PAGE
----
s e c t o r


\................./.... < --- track

_\ _ _ _ _ _ _ _ /_ _

....\............./...... < ----- track



Figure 1.1

In a simplest form, how do these spots represent data? Data is stored internally as 1s and 0s. However, 1s and 0s are not physically written into a disk; instead, 1s and 0s are represented by north and south pole. Each 1s or 0s is called bit and the combination of eight bit, byte.

Figure 1.1 shows a portion of a disk that consists of sector and tracks; the "dots" (spots) indicate orientation spots. In order to store 1s and 0s, a magnet is introduced to specific spots through the recording head according to the given data. Physically, representation of data looks like as the following--a collection of polarized spots pointing either to the north or south.


< - -> < - < - < - < - -> -> -> -> -> -> < - < - ...


Figure 1.2

Reading is done through the recording head by detecting the polarization of each bit's spot and converting it into readable form.

--to be continued

The Development of Quantum Theory

At the Turn of the Nineteenth Century

Critical and fundamental discoveries, such as x-rays, the electron, the Zeeman effect, and radioactivity were made at the end of the 19th century. These discoveries helped to understand atomic structure. The work by Michael Faraday (1833), Julius Pluker (1858), Jean Baptiste (1895), and other physicists was crucial for later developments. It was during this period of time that physicists began to understand that cathode rays were negatively charged particles and also that there were several types of emissions from the atom. The Pieter Zeeman discovery, and the Lorentz explanation to the Zeeman discovery that light was emitted by charged particles (electrons) in motion was significant progress in understanding atomic structure. Some of these discoveries and the people who used them, including their explanation are followed.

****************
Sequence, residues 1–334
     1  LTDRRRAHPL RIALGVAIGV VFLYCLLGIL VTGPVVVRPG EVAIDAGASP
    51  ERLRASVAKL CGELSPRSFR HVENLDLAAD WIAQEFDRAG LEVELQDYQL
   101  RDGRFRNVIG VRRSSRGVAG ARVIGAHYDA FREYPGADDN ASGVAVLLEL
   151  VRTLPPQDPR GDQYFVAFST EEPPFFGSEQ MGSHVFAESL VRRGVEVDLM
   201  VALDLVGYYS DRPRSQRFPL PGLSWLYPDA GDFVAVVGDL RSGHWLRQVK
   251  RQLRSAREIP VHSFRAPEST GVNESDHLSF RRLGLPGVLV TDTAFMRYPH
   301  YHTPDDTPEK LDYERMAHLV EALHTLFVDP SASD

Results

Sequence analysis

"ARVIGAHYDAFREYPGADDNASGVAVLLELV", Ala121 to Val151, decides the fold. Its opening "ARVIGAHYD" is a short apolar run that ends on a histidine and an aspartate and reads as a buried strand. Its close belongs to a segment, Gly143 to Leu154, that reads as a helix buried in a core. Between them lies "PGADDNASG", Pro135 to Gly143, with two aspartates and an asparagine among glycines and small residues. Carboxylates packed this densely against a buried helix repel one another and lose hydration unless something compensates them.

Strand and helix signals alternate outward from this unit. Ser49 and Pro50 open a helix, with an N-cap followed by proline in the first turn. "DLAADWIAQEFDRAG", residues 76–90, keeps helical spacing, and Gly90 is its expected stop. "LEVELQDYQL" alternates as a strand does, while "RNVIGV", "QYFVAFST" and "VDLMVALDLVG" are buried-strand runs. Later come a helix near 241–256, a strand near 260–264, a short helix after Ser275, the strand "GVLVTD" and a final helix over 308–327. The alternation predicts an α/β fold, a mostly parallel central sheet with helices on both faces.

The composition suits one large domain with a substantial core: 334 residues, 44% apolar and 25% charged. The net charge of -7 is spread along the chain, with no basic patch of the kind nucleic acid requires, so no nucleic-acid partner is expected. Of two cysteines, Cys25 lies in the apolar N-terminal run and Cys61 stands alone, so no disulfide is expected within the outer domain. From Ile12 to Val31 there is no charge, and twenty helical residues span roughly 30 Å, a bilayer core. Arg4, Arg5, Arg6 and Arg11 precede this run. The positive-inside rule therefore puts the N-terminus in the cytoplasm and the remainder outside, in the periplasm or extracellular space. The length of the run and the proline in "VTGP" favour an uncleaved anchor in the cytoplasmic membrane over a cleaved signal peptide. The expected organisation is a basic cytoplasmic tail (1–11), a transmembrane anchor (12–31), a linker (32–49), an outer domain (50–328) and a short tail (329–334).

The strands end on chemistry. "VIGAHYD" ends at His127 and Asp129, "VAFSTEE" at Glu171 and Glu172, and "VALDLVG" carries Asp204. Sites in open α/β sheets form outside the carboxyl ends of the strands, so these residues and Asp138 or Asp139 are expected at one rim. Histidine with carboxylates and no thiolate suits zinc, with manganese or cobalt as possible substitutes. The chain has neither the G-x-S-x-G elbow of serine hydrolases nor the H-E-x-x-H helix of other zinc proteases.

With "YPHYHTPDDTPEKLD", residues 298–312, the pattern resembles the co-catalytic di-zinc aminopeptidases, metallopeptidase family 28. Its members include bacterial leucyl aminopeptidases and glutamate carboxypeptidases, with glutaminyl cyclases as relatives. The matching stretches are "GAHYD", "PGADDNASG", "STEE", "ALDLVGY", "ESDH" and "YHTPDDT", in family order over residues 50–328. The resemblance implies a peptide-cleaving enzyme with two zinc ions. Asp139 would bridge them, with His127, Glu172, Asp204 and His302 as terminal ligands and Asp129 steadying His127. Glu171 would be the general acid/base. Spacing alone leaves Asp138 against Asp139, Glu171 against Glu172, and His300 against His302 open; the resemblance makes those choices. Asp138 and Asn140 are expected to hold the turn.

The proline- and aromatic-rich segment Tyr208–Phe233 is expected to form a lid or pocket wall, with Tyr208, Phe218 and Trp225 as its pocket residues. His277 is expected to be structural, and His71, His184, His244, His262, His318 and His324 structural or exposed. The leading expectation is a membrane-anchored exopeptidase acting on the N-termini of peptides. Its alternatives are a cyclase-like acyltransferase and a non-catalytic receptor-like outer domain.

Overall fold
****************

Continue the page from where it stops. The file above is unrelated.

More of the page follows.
Wilheln Conrad Rontgen

Wilheln Conrad Rontgen was born in a town called Lennep, Rhineland. At age 3 Rontgen's parents moved to Holland where he underwent part of his education. Then, Rontgen went to Zurich, entered the Polytechnic Institute, and graduated in 1868. Later, he received a doctorate from the University of Zurich 1869.

Prior to his discovery of x-rays, Rontgen had written forty-eight papers on different subjects. Particularly, in 1888, he showed that the convection current was the same as the conduction current. He proved that the current in the wire was the same as the current which can be obtained from the moving charges.

However, Rontgen's contribution to physics became profound on the night of November 8, 1895, when he discovered x-rays. Rontgen was operating with a Hittorf tube which was covered with a black board in a dark room. There was a screen (a sheet of paper) treated with barium platinum-cynide located at a distance in front of the table. When the potential difference of an induction coil was applied to the discharge tube, the screen fluoresced brilliantly. Rontgen, who was puzzled about the new phenomenon, decided to continue his experiment by turning the side of the screen that was not coated with barium platinum-cynide to the table, but the screen still fluoresced brilliantly. Furthermore, when he placed several objects between the tube and the screen, all appeared to be transparent. When he placed his hand between the tube and the screen, he observed his bones on the screen. At this point, he became convinced that he had found a new kind of rays.

Rontgen reported some of the properties of x-rays in his original paper on his discovery. Here are some of the properties of x-rays:

a. X-rays can penetrate all substances to some extent.

b. Photographic plates and films are sensitive to x-rays.

c. He neither could observe reflection, refraction of x-rays, nor the deflection of the x-rays when a magnetic field is introduced to the x-rays.

d. X-rays travel in straight lines.

In spite of all his effort, Rontgen couldn't fully understand the nature of x-rays. He wrote two papers in 1896 and 1897 on x-rays, then pursued his old subjects leaving one of the fundamental question ``what is the nature of x-rays'' to others.

Rontgen received the first Nobel Prize for physics in 1902. In 1914, he joined in signing the manifesto of German scientists to express solidarity to a militarist Germany. However, he later regretted his involvement in signing the manifesto. On February 10, 1923, in Munich, after going through a lot of hardship during the First World War and afterwards, Rontgen died at age of 78.

....this is a project I did a while back

--to be continued

Abass Belay Alamnehe /